The Federal Reserve Bank of New York carried out operations of the Exchange Stabilization Fund in accordance with authorizations and instructions from the Treasury. These operations included the purchase and sale of gold and foreign exchange and the maintenance of accounts for various foreign central banks and foreign governments in connection with relations between the United States and its allies overseas. The NY Fed engaged in foreign transactions on an extensive scale. It held gold and dollar accounts for fifty-nine foreign nations. It became increasingly involved in handling official remittances from the United States to foreign countries, particularly in connection with the maintenance abroad of American armed forces.

All of the Reserve Banks acted as agents for the Treasury’s foreign funds control operations. The goal was to facilitate legitimate transactions while erecting barriers against Axis manipulation of dollar assets and Axis access to international markets. The Reserve Banks processed applications for licenses and reports of transactions.

In sum, the Federal Reserve played important roles during World War II. The Fed helped to finance the war, fund our allies, embargo our enemies, stabilize the economy, and plan the postwar return to peacetime activities.

While the Fed helped on the home front, thousands of Federal Reserve employees and millions of Americans enlisted in the armed forces; over 400,000 of those who served, including scores of Fed employees, gave their lives for their country. Men from the Federal Reserve fought and died in the hedgerows in Normandy, the Bulge in Belgium, the mountains of Italy, and the beaches of the Pacific. In an oral history interview, a career employee of the Federal Reserve Bank of Dallas recounted her most memorable day at work: December 8, 1941. She and her coworkers listened to the radio as President Roosevelt described the attack on Pearl Harbor and announced Congress’s declaration of war against Japan. Afterward, silently, one after another, seven men rose from their desks and left the building to volunteer for service.

  • 1

    In 2012, the relative worth of $91 billion from 1944 is $1.190 billion in 2012, using the consumer price index. This estimate ranges from $950 billion to $6.580 billion, using different measures of relative worth. For more information, see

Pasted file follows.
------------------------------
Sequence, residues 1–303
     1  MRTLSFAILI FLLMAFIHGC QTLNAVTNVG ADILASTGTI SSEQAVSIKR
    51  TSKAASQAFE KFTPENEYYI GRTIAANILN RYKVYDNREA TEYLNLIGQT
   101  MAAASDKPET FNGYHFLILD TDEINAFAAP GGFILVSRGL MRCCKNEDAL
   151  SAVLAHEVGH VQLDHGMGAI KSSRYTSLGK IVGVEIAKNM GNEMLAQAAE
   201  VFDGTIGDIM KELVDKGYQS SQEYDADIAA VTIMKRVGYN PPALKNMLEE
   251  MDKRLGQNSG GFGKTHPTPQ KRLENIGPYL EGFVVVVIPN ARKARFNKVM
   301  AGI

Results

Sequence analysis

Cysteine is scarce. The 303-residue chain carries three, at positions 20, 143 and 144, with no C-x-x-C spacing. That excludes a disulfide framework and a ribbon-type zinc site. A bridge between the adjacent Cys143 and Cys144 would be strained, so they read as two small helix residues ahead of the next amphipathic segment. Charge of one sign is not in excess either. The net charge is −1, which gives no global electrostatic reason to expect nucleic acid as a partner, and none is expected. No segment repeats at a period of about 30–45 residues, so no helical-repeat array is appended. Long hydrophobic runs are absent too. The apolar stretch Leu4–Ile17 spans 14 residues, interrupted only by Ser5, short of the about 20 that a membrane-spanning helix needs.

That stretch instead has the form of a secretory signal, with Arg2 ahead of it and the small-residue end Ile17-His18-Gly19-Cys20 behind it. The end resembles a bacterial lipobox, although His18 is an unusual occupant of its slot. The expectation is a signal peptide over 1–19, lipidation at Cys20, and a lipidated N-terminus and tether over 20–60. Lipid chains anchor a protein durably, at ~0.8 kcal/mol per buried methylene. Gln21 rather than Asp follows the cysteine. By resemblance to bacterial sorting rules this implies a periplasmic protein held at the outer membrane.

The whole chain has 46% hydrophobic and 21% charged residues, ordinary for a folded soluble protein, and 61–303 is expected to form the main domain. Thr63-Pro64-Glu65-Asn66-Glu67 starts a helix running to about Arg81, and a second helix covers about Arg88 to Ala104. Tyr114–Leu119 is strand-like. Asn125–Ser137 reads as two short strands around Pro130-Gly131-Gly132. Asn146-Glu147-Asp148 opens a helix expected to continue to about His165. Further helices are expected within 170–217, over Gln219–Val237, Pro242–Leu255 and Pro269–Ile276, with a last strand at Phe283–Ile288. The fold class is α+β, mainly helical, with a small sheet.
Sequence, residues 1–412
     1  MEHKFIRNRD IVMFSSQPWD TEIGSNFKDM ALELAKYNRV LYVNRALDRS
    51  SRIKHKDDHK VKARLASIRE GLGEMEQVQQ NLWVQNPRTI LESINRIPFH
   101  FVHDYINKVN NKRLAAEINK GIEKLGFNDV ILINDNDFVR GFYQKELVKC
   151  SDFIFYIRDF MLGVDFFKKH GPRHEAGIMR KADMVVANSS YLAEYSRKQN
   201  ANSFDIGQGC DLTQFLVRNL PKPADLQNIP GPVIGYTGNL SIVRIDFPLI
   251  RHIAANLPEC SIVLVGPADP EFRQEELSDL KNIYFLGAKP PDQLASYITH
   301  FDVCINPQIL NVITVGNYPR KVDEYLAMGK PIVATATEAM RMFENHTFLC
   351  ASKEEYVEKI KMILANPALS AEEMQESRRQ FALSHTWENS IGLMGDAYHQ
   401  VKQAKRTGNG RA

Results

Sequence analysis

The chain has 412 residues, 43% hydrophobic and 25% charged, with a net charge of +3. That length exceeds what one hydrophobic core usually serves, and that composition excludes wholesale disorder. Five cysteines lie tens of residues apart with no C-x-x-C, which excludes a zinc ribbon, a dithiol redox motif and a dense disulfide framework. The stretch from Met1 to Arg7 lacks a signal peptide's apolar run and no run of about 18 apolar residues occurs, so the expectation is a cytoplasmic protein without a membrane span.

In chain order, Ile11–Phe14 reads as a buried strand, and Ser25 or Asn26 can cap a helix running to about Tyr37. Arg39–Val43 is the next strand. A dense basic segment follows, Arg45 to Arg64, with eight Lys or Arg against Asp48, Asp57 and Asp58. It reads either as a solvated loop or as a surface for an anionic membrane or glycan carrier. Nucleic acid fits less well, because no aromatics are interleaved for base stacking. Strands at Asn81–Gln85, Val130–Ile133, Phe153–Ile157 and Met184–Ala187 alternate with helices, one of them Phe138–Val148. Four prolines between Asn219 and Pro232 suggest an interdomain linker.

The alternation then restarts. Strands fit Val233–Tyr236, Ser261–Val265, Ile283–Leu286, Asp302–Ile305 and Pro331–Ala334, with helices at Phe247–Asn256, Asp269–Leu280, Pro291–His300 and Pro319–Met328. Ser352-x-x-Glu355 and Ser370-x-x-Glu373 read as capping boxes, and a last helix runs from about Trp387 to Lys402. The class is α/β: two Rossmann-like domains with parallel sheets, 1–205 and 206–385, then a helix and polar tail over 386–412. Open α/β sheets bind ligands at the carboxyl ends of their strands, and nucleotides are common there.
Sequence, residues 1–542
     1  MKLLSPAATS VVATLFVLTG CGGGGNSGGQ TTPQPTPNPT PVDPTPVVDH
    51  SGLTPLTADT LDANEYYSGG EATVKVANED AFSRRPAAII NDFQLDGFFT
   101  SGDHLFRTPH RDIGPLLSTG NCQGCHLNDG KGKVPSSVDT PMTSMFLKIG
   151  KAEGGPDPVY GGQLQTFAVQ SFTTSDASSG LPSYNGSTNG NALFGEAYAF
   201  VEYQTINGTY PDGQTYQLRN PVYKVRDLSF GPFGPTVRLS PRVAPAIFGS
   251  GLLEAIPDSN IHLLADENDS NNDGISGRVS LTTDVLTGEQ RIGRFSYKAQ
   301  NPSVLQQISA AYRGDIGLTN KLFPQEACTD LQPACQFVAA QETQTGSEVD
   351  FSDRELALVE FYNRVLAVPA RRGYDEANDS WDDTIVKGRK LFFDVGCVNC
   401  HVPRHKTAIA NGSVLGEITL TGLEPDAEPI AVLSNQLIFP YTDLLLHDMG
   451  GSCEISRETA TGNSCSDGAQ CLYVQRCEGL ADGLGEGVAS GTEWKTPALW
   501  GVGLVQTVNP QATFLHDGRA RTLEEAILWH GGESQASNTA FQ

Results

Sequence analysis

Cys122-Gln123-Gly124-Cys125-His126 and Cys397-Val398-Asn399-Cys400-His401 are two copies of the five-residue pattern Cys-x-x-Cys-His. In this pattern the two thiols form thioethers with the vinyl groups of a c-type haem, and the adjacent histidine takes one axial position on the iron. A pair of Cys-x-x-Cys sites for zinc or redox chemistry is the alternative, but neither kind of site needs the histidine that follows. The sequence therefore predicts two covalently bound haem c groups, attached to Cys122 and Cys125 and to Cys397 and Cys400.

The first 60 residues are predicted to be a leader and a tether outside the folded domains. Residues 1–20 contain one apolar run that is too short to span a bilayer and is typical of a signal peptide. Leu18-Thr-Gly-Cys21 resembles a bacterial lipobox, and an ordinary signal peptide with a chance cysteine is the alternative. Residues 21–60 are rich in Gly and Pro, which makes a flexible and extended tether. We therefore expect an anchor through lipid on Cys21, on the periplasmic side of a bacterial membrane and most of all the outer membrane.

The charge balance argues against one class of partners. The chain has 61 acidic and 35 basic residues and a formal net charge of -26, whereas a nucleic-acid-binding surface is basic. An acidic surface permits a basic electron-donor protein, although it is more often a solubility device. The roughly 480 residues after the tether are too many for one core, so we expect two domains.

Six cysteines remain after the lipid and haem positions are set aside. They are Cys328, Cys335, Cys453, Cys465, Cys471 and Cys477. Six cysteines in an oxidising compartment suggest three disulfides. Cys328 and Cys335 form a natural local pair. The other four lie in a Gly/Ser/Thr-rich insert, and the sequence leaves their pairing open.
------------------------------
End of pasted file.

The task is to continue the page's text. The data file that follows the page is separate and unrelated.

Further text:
• 2

    Potential alternatives included paying for the war by selling foreign assets, by selling domestic assets to foreigners, by expropriating assets and labor of foreigners (and US citizens), or by printing money.

  • 3

    From the founding of the Federal Reserve through the early 1940s, discount rates frequently varied among Reserve districts. In the spring of 1942, for the first time, the System implemented a standard nationwide rate of 1percent on discounts of eligible paper. That rate was already in effect in the Boston and New York districts. On February 28, 1942, Chicago adopted the standard rate. In March 1942, Philadelphia, Richmond, Atlanta, St. Louis, Minnesota, and Dallas adopted the standard rate. In April 1942, Cleveland, Kansas City, and San Francisco adopted the standard rate. Since then, rate changes have been nearly uniform across the districts. See Banking and Monetary Statistics, Section 12, Table 12.1 for details.


Board of Governors of the Federal Reserve System. Twenty-Ninth Annual Report of the Board of Governors of the Federal Reserve System Covering Operations for the Year 1942. Washington, DC: Board of Governors of the Federal Reserve System, 1942.

Board of Governors of the Federal Reserve System. Thirtieth Annual Report of the Board of Governors of the Federal Reserve System Covering Operations for the Year 1943. Washington, DC: Board of Governors of the Federal Reserve System, 1943.

Board of Governors of the Federal Reserve System. Thirty-First Annual Report of the Board of Governors of the Federal Reserve System Covering Operations for the Year 1944. Washington, DC: Board of Governors of the Federal Reserve System, 1944.

Board of Governors of the Federal Reserve System. Thirty-Second Annual Report of the Board of Governors of the Federal Reserve System Covering Operations for the Year 1945. Washington, DC: Board of Governors of the Federal Reserve System, 1945.

Board of Governors of the Federal Reserve System. Banking and Monetary Statistics, 1941 to 1970. Washington, DC: Board of Governors of the Federal Reserve System, 1976.

Written as of November 22, 2013. See disclaimer.